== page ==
I also know that the past has shaped me, for better or for worse, and that who I am today is mostly the result of everything that I have experienced so far in my life.  When something provokes a particularly strong memory, it can seem as if the past has reached out and touched me, like when I hear Eric Clapton’s song “Layla” and am instantly transported back to a fun night out with my college friends.  The same thing happens when a perceived slight can make me feel like a solitary child on the playground, watching her best friend linking arms and walking away with someone else.  Whether good or bad, it can feel very real, even though it’s just an illusion.

By the time we’ve reached our middle age, I think most of us have learned that life really is a journey that moves relentlessly forward.  Returning to the past isn’t a choice, whether we want to or not.  We can’t return to the days when our bodies were young and the world seemed full of endless opportunities.  We can’t change what we’ve done or not done; we can’t take back our mistakes; and we can’t erase any damage that was done to us.  The past is over and done with, and the only we we can ever revisit it is through our memories.

All we have, and all we ever will have, is the reality of our present and the hope of our future.  The past may have shaped who we are now, but the present is what we can control.  And I think that’s a good thing, because the present…our actions, our words, our choices…is what will determine our future.  Which means that, even at this point of our lives, we still have quite a bit of control over what our life will become.

We may be middle aged, but if we are lucky, we still have many miles to go on our life’s journey.  I have come to believe that the best plan is to look ahead and search for that spot on the horizon where we want to be, and point ourselves firmly toward it.  Because we are always moving forward on this one-way journey, and the direction we take is ultimately up to us.

A Mid-Century Life

I was watching the show “House Hunters” on HGTV the other morning, and the young couple trying to select their new home ended up choosing what was referred to as a “mid-century house” because it had been built in the 1950s.  Which is, of course, the exact same decade in which I was born.  As soon as they bought the house, the couple began a full-scale rehab to bring the incredibly “old” house “up-to-date.”  Needless to say, I turned off the TV.

I’m used to thinking of myself as middle-aged, and even as the tail-end of the Baby Boomer generation.  But mid-century?  That just sounds so old!  Yet there’s no getting around the fact that I came into this world in the late 1950s, over half a century ago, and a completely different era.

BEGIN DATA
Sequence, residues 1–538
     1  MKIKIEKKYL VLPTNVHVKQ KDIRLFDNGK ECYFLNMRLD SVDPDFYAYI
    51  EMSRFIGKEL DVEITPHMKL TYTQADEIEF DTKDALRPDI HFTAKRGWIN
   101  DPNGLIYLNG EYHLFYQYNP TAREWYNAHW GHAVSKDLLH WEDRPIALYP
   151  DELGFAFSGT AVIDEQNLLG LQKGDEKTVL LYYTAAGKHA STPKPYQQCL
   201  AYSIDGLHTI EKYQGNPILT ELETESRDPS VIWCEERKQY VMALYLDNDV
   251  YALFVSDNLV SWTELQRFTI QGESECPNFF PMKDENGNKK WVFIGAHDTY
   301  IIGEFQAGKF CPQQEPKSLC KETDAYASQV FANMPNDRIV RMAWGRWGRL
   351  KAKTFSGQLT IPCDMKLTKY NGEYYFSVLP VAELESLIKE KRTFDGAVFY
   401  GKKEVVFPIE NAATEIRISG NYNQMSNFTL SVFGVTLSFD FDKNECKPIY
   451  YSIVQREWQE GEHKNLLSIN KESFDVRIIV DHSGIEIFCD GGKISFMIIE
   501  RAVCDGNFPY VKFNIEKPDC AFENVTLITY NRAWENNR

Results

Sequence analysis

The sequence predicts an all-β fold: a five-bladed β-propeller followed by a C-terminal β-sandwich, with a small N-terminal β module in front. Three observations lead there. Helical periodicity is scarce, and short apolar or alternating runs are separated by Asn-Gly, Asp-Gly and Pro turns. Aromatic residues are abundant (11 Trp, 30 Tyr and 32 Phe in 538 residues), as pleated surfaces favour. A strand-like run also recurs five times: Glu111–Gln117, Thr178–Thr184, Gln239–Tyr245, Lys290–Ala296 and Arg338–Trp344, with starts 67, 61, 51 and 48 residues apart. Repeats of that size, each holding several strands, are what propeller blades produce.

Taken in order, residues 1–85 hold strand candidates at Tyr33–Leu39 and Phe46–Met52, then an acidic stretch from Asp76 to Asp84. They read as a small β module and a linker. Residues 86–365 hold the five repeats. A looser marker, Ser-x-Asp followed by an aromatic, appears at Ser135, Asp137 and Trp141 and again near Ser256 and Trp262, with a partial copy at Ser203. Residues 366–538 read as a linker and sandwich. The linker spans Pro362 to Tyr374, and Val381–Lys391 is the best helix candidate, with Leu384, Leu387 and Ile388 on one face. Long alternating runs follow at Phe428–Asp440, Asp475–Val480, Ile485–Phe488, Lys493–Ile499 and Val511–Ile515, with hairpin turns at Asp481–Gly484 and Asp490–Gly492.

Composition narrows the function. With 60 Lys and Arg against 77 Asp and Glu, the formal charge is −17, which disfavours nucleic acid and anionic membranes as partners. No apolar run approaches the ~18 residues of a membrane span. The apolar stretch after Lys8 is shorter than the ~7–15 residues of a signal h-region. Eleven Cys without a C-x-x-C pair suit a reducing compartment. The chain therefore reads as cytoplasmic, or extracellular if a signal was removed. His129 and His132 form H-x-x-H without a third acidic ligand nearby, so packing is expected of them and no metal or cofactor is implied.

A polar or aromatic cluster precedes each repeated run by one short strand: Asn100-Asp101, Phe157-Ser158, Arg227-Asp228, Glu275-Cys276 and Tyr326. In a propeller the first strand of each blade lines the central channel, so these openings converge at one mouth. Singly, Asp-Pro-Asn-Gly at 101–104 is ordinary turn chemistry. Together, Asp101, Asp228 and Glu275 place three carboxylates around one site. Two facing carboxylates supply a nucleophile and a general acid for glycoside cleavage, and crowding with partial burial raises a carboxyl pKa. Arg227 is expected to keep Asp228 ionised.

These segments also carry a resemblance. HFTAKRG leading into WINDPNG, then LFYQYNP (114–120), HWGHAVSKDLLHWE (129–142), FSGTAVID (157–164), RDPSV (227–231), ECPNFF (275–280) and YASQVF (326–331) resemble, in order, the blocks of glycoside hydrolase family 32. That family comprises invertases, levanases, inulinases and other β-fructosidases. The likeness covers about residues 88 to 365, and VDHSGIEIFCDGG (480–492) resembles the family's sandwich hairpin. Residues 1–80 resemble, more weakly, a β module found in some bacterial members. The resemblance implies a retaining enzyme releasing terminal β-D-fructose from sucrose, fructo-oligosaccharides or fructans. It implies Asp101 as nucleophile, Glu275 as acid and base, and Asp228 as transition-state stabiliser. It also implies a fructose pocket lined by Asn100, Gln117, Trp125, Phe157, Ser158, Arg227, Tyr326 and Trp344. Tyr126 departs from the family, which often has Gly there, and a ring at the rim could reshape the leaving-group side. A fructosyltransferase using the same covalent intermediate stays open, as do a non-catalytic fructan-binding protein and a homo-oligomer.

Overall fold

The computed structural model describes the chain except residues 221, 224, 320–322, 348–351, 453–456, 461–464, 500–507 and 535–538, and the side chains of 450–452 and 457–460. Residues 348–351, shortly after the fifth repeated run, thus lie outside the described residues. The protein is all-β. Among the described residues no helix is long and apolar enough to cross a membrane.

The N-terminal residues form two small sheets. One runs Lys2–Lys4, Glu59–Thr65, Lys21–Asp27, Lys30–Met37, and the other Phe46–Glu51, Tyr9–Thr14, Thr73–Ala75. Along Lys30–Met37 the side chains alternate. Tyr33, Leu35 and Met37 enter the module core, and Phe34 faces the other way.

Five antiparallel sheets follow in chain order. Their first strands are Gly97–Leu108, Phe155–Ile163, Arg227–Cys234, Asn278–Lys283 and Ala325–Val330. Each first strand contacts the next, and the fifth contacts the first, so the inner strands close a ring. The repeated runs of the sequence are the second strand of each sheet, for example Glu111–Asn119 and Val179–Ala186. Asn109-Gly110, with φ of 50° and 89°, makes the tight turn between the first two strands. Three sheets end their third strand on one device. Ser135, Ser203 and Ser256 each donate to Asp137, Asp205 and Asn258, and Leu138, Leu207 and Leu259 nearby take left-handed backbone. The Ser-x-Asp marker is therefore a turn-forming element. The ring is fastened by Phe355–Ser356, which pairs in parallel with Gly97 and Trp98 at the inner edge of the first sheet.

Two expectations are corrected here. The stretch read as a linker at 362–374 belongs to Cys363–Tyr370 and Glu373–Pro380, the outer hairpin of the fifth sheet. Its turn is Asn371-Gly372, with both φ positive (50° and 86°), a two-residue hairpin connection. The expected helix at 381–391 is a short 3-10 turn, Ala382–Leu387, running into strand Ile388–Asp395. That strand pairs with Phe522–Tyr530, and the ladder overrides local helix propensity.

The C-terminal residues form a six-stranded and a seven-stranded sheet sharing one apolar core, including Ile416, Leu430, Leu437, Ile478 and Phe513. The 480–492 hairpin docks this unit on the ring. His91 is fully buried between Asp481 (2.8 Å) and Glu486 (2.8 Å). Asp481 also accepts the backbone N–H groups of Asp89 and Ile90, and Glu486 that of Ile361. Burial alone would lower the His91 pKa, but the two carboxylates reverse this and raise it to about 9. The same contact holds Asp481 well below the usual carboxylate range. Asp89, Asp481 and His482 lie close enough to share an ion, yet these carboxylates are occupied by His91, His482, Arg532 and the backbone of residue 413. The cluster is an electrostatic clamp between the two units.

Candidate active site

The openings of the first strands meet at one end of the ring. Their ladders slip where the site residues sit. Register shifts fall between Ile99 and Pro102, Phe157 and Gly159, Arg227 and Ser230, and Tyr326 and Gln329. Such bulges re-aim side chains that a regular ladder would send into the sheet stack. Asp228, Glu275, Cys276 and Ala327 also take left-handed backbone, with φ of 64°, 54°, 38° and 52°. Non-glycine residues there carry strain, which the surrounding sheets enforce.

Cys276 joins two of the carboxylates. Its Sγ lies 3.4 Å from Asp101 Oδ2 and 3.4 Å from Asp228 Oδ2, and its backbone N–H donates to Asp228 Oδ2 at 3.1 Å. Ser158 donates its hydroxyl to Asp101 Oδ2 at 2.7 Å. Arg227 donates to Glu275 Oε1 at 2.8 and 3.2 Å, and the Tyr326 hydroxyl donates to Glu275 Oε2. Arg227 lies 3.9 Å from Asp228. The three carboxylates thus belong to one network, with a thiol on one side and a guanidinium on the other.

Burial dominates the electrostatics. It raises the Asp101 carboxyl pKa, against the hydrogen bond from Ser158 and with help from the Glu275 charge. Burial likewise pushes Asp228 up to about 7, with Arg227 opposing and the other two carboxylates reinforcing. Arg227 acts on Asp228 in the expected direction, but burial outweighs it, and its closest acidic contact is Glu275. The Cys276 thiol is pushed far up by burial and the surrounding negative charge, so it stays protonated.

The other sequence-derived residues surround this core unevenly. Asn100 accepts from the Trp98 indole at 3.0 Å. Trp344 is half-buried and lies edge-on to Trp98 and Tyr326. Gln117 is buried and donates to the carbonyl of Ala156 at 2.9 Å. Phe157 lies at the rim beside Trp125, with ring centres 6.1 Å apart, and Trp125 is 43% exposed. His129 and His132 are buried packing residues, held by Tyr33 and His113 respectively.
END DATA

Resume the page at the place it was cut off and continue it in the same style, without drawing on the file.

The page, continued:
When I was a young child, our family had only one car.  We were luckier than most of our neighbors in that my father took the bus to work most days, thereby leaving my mother with a car to use when she needed to go somewhere.  She spent a lot of her time driving not only my sisters and me around, but often the neighbors as well.  I remember many trips to the zoo with my mother and her two friends, Peggy and Rosemary, in the front seat, each with a baby in her lap.  The older children, and there were usually at least seven of us, were stuffed into the back seat.  No one had ever heard of car seats or even seat belts for children back then.

When I was in first grade, the teacher once asked the class what we wanted to be when we grew up.  The boys gave a variety of answers–policeman, doctor, lawyer, truck driver, etc.–but each of the girls answered either teacher or nurse.  As far as we knew, those were the only two choices available to us.  We also wore dresses or skirts to school each day.  Girls weren’t allowed to wear pants, which always made swinging around the monkey bars at recess without showing off our underwear a bit  of a challenge.  Television sets were black and white, and had about four channels which only worked when the antennae on top were placed just so.

When I think back on my early years, I have to realize that it was indeed a long time ago and a very different world from the one I live in now.  So maybe it isn’t such a mystery why I sometimes feel just a little bit like a stranger in a foreign land.  Adjusting to change is a natural part of life, but dang!  Women in my generation have adjusted to more than our fair share, even when most of the changes have been for the good.    So I don’t think it’s too much to ask for a little patience and consideration as we cope with it all.  And by the time we reach the full-century mark, we’re going to be needing a LOT of patience and consideration.  Consider yourselves warned.